At end of first year, students find Park High IB program rigorous, rewarding
Camden Knoff said there were nights this past school year when he would go home and throw his backpack down in frustration at the academic challenges he faced.
The 17-year-old is among juniors finishing up a grueling first year as diploma candidates in the International Baccalaureate program at Park High School. Knoff said he signed up for the high-level coursework because he wanted to take the best classes available. He found that it was hard to be in the first-year program, but doesn't regret the decision.
"I'm definitely glad that I did it," Knoff said as he took a break recently from starting research on his summer essay project. "I was expecting it to be a challenge and it was a challenge."
That has been the experience of other students in the IB diploma candidate program as they wrap up their first year of classes, prepare to research a master's thesis-like essay over the summer and get ready for their senior year. Many who signed up for the program said they expected a challenge, discovered that to be the case but are glad they enrolled.
Program administrators and teachers said the first year has been a success, though not one without the glitches and surprises that come with starting a new education program.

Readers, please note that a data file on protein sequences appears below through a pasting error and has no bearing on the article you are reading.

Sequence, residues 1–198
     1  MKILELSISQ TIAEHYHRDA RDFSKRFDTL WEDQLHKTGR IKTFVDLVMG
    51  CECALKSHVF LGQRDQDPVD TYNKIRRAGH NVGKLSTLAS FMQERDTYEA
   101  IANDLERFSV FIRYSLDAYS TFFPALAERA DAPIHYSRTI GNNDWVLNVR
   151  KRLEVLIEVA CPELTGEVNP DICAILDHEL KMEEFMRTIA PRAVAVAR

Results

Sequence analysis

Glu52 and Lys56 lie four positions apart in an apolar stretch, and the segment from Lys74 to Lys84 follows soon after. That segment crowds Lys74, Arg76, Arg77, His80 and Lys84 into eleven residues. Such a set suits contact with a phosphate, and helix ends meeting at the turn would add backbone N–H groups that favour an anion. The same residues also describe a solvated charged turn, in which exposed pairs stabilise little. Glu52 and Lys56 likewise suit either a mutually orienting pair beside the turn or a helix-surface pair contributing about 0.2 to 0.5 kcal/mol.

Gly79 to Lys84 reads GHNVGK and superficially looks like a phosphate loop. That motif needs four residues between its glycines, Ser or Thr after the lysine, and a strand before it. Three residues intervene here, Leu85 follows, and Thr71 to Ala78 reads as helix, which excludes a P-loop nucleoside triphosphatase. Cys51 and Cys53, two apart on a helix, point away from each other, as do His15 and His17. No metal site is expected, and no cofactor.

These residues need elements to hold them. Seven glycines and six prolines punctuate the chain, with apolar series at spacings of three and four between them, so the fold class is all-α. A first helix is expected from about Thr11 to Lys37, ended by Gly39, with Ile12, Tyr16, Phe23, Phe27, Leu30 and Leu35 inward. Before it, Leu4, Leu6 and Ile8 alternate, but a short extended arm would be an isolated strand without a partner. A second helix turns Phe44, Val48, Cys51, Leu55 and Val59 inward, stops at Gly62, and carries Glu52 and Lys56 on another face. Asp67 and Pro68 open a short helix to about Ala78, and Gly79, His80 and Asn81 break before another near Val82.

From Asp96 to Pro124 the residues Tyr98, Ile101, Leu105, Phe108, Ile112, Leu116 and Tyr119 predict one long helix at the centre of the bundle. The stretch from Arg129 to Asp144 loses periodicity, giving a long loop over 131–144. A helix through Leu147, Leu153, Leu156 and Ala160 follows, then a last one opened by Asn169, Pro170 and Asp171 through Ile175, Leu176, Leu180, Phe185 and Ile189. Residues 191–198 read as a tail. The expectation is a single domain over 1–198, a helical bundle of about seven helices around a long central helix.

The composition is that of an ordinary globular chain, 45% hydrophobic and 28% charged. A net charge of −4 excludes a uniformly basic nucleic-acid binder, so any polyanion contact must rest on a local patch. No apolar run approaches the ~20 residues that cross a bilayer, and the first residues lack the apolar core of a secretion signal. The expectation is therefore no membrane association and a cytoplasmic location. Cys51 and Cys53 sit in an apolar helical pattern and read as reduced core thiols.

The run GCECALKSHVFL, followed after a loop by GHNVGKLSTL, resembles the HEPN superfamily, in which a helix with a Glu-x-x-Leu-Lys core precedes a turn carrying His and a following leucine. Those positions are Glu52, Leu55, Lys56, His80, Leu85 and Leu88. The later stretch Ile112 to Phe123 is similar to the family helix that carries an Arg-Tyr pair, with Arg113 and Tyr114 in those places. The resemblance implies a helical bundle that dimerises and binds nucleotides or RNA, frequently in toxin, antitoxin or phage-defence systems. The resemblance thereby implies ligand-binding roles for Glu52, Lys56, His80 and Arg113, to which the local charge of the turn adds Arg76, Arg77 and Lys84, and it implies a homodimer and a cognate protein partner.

The District 833 IB program was launched at Park last fall. Administrators say 34 students signed up for the diploma candidate program, an education track separate from regular high school classes and advanced placement courses. Additionally, hundreds of other students enrolled in one or more of the IB classes, but are not diploma candidates. The IB curriculum, used worldwide, blends rigorous coursework that requires critical thinking skills and is meant to prepare students for post-secondary education. There also is a service and volunteer component, as the IB diploma candidate program wants to see personal growth over an 18-month period
Park Principal Dr. Efe Agbamu, who was instrumental in launching the IB program, said she has been amazed by how students responded to the curriculum.
"I never thought the kids were going to rise up as much as they have," she said. "You have these big plans and then you get it in place and you wonder if the kids will bite. Not only do they bite, but they chew it and finish eating it."
"Honestly, I'm just happy that our kids have chosen to challenge themselves beyond measures."
The students in the diploma candidate program said teachers and staff gave them sufficient warning that the coursework was demanding. The incentive was the possibility of scoring well enough on IB exams in the senior year to qualify for college credits.
That was among the reasons Tasha Hartenstein said she signed up. She said she realized later that colleges vary in how or whether they award credits for completion of the IB program, but as the year went on Hartenstein realized there was a more important reason for her to be an IB diploma candidate.